In the last decade, the executives on NBC, have brought the network, the once unchallengeable Number One Cable Network down to averaging Number Four and Five. Well, at least you got FOX and The WB/CW, (although that is a little like a slumping baseball team beating the Kansas City Royals and Montreal Expos/Washington Nationals).
But I digress.

Pushing Conan back disrespects a lot of things.  The first being Conan O'Brien, a man who signed a contract and believed that it meant something. A man who worked his tail off to earn a spot that thousands dream of having. He worked through hard-times and good times to prove himself at 12:35am, night after night for 17 years. He moved his family, his crew (and their families), and his band (and their families) to LA...because he had achieved his dream. A dream job...that NBC might have torn away from him after only 7 months. (Steve Allen: 3 Years, Jack Parr: 5 years, Johnny Carson: 30 years, Jay 'Heartless' Leno: 16 years).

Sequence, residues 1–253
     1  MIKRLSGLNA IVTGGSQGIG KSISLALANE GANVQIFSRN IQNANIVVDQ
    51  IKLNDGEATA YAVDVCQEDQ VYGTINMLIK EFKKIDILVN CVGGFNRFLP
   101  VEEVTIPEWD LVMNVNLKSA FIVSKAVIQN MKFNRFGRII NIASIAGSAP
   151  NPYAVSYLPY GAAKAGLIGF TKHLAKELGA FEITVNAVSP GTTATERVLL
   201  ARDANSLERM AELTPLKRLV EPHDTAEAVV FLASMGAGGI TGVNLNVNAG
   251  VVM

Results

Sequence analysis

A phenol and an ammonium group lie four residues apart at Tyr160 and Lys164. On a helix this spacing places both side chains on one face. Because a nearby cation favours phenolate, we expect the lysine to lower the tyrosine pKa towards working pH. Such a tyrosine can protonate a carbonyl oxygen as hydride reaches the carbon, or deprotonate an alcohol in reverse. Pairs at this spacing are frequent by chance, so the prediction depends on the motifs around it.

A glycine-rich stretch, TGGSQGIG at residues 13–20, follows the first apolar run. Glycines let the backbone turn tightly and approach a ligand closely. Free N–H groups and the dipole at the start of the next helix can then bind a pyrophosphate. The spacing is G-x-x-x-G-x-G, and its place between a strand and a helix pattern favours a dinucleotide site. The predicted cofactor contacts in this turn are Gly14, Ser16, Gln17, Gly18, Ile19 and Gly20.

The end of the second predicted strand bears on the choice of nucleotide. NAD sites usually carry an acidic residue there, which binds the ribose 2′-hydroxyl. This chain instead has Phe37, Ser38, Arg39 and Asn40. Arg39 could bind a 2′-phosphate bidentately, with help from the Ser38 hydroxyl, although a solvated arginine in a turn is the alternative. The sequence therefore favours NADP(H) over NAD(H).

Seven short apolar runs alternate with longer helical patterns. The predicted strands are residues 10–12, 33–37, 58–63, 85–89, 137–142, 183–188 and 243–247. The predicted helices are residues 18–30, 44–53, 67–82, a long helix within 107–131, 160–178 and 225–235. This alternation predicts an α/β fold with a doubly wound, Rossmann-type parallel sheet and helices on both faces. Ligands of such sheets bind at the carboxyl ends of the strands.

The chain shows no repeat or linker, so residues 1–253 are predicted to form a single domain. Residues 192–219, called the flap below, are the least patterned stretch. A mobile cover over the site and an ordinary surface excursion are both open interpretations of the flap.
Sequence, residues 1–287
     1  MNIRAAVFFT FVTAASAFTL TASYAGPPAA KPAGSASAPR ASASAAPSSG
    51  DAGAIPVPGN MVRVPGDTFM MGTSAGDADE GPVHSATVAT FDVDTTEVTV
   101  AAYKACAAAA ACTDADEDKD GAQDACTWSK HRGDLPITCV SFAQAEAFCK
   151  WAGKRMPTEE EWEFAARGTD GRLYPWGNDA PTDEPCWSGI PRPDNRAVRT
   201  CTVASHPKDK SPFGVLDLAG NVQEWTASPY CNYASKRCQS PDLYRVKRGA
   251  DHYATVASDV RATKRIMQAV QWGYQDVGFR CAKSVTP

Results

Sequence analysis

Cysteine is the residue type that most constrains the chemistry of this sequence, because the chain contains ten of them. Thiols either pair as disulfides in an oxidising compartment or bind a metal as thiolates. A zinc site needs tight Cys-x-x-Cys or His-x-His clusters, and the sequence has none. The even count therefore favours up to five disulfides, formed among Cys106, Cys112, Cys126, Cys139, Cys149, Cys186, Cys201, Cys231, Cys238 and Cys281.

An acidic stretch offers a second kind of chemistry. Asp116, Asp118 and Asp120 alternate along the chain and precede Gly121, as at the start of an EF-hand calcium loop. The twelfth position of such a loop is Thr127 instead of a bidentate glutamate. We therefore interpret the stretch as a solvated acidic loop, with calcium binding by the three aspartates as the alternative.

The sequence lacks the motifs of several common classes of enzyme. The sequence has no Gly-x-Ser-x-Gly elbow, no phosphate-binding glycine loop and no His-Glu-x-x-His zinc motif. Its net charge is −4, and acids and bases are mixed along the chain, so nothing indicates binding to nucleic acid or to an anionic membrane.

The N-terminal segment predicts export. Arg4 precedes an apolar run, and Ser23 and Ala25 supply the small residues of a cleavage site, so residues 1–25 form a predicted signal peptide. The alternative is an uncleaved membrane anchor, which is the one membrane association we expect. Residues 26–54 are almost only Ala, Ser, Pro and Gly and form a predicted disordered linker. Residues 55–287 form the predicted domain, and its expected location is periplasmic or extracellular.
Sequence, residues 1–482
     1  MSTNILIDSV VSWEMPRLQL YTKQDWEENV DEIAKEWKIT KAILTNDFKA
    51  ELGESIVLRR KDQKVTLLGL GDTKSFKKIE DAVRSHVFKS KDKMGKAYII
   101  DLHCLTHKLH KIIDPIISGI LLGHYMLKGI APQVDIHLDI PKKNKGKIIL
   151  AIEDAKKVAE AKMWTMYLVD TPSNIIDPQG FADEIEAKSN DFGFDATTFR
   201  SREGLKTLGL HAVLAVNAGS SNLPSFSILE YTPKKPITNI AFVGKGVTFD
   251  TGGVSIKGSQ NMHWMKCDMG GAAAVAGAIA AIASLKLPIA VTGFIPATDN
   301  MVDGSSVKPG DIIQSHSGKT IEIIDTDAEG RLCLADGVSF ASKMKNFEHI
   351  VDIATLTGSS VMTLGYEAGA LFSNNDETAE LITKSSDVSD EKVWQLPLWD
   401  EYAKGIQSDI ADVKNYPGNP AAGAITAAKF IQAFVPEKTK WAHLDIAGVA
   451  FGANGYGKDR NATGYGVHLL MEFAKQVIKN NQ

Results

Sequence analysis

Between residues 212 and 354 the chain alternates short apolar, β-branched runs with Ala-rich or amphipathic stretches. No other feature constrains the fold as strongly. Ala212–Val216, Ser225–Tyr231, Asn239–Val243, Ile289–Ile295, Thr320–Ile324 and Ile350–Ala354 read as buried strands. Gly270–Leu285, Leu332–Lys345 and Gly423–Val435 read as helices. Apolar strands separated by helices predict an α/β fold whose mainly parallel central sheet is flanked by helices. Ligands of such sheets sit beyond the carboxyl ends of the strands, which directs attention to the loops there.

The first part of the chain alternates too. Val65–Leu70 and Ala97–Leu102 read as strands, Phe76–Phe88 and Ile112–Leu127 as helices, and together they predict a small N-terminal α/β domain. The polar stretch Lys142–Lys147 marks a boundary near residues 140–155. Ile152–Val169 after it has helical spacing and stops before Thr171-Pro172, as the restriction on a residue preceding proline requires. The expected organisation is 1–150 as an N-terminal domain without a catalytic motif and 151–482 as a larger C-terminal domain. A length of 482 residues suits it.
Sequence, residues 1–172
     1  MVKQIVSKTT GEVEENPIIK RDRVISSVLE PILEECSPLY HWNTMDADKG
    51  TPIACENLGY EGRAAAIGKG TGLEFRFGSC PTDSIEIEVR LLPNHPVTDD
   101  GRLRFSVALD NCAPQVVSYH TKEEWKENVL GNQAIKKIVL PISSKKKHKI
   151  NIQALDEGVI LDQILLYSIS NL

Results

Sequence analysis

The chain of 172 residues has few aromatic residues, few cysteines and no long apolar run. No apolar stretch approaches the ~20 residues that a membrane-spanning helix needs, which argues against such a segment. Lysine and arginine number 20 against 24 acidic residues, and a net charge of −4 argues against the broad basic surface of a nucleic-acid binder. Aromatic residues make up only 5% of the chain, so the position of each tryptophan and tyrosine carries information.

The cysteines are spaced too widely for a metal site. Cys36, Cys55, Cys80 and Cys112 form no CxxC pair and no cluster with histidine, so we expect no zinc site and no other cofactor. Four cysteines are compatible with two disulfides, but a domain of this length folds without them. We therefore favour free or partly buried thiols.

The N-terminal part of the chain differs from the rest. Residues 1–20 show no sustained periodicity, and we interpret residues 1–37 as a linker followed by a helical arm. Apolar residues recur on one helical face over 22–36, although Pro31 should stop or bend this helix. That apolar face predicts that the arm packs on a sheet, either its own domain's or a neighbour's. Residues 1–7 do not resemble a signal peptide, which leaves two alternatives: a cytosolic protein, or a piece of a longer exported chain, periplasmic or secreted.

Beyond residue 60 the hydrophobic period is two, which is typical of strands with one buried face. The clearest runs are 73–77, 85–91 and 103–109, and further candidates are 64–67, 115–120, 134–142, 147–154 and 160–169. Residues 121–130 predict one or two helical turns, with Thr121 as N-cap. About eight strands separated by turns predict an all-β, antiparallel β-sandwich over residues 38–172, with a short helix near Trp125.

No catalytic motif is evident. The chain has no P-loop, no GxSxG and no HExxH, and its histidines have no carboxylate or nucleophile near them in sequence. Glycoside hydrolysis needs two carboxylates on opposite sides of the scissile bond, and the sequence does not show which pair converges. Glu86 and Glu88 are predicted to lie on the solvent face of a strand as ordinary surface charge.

Luckily, as i've been writing this, Conan has proven his quality as a person in a released statement:

"People of Earth:

In the last few days, I've been getting a lot of sympathy calls, and I want to start by making it clear that no one should waste a second feeling sorry for me. For 17 years, I've been getting paid to do what I love most and, in a world with real problems, I've been absurdly lucky. That said, I've been suddenly put in a very public predicament and my bosses are demanding an immediate decision.

Six years ago, I signed a contract with NBC to take over The Tonight Show in June of 2009. Like a lot of us, I grew up watching Johnny Carson every night and the chance to one day sit in that chair has meant everything to me. I worked long and hard to get that opportunity, passed up far more lucrative offers, and since 2004 I have spent literally hundreds of hours thinking of ways to extend the franchise long into the future. It was my mistaken belief that, like my predecessor, I would have the benefit of some time and, just as important, some degree of ratings support from the prime-time schedule. Building a lasting audience at 11:30 is impossible without both.

But sadly, we were never given that chance. After only seven months, with my Tonight Show in its infancy, NBC has decided to react to their terrible difficulties in prime-time by making a change in their long-established late night schedule.